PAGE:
Kingston, New York Medical Malpractice Lawyer Weighs in on Hospital Drug Shortages

John Fisher
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Stopping Medical Injustice
In a recent study, almost two dozen experts have concluded that there is a growing crisis in the availability of various kinds of hospital drugs.

Particularly injected generic drugs-which are usually cheaper and more accessible-which are delaying surgeries and treatments while leaving patients in pain or having to resort to less-effective treatment. In fact, there have been fifteen deaths blamed on these drug shortages in a little over a year.

For example, a drug used to treat extremely high blood pressure that is normally priced at $25.90 per dose, now costs hospitals $1,200! The shortage drugs typically are for chemotherapy, cancer, infections, high blood pressure, and pain medication-among other ailments. And as you may have noticed, these drugs are typically for ailments that are in primitive stages of treatment, meaning we are currently working to improve treatment for them in trials. This is worrisome because I think it will affect future drugs and it will cause create a backlog. Actually, one expert noted that these shortages are not just hurting patients needing the current drugs, but also disrupting clinical studies of new drugs and treatments. This was actually called a "ripple effect" on future treatment.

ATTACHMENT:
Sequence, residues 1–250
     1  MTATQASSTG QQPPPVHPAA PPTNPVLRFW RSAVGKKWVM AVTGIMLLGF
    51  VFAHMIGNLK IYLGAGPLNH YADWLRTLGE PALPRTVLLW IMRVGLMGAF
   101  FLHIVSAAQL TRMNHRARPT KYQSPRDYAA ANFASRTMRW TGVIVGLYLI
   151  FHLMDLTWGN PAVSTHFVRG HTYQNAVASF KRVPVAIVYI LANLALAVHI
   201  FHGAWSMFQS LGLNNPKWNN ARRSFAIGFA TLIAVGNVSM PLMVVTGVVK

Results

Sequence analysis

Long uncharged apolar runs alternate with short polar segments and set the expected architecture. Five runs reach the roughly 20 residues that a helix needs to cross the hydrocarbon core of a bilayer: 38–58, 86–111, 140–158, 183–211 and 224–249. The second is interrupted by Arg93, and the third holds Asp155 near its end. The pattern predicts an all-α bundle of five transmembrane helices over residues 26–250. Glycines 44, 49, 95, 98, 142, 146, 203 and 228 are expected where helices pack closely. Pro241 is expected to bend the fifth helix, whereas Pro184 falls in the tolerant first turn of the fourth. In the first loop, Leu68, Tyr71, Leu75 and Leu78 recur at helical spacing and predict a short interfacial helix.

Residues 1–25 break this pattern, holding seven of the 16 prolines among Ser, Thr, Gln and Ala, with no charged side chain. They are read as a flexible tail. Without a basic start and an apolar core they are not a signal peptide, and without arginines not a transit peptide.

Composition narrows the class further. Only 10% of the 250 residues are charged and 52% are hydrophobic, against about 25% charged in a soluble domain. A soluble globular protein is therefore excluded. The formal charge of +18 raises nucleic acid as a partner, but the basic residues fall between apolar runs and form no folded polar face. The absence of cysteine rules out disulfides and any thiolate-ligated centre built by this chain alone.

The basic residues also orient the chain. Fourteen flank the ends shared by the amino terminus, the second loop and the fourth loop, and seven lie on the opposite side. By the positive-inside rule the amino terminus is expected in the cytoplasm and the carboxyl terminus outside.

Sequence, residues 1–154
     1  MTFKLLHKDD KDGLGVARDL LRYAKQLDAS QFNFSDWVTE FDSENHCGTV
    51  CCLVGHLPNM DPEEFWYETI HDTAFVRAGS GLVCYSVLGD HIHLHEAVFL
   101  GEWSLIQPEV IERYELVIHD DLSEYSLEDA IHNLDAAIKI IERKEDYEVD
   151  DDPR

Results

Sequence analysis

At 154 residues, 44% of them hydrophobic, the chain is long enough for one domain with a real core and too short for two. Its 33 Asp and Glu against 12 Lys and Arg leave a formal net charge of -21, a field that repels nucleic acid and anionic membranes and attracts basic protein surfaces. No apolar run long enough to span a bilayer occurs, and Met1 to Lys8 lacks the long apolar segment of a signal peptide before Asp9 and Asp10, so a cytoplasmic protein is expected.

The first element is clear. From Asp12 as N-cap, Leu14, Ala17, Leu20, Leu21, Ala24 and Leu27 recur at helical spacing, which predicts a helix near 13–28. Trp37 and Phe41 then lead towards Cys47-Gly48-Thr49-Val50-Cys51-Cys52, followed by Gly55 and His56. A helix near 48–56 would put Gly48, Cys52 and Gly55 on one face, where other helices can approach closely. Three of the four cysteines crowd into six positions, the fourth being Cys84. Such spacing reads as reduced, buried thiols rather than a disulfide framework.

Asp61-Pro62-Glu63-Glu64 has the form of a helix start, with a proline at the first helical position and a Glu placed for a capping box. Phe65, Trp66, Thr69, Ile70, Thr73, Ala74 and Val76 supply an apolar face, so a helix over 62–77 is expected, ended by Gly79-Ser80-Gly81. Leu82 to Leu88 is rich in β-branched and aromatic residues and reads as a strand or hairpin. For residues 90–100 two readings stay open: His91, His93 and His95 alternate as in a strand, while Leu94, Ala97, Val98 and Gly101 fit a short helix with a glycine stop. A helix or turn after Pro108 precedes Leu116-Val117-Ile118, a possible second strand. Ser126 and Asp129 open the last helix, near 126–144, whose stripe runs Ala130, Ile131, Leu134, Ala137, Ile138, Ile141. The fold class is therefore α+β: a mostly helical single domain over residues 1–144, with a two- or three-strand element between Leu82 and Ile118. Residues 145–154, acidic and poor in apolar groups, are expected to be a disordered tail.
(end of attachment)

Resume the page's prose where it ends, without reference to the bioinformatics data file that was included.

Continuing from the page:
Another concern I have is that hospitals are resorting to "grey market vendors," or companies who are not their normal wholesalers. These vendors buy the drugs from smaller wholesalers and resell them at their normal price; essentially generating their own business by taking up scare stock elsewhere. The problem is that many of these vendors are NOT licensed or authorized, which when you are talking about cancer chemotherapy drugs and other medications to treat dangerous ailments, I get scared.

Part of the problem, if you call it that, is that the FDA is very strict with drugs and if there is any contaminate or issue with a stock, they will discard them all. This clearly can create a deficiency, which it has. There is the delicate balance-if not an absolute tension-between the notion of protecting patients and providing adequate amounts of medication.

But what do you think about this? Does the drug shortage worry you? I'd love to hear what you think. I welcome your phone call on my toll-free cell at 1-866-889-6882 or you can drop me an e-mail at [email protected] . You are always welcome to request my FREE book, The Seven Deadly Mistakes of Malpractice Victims, at the home page of my website at www.protectingpatientrights.com.

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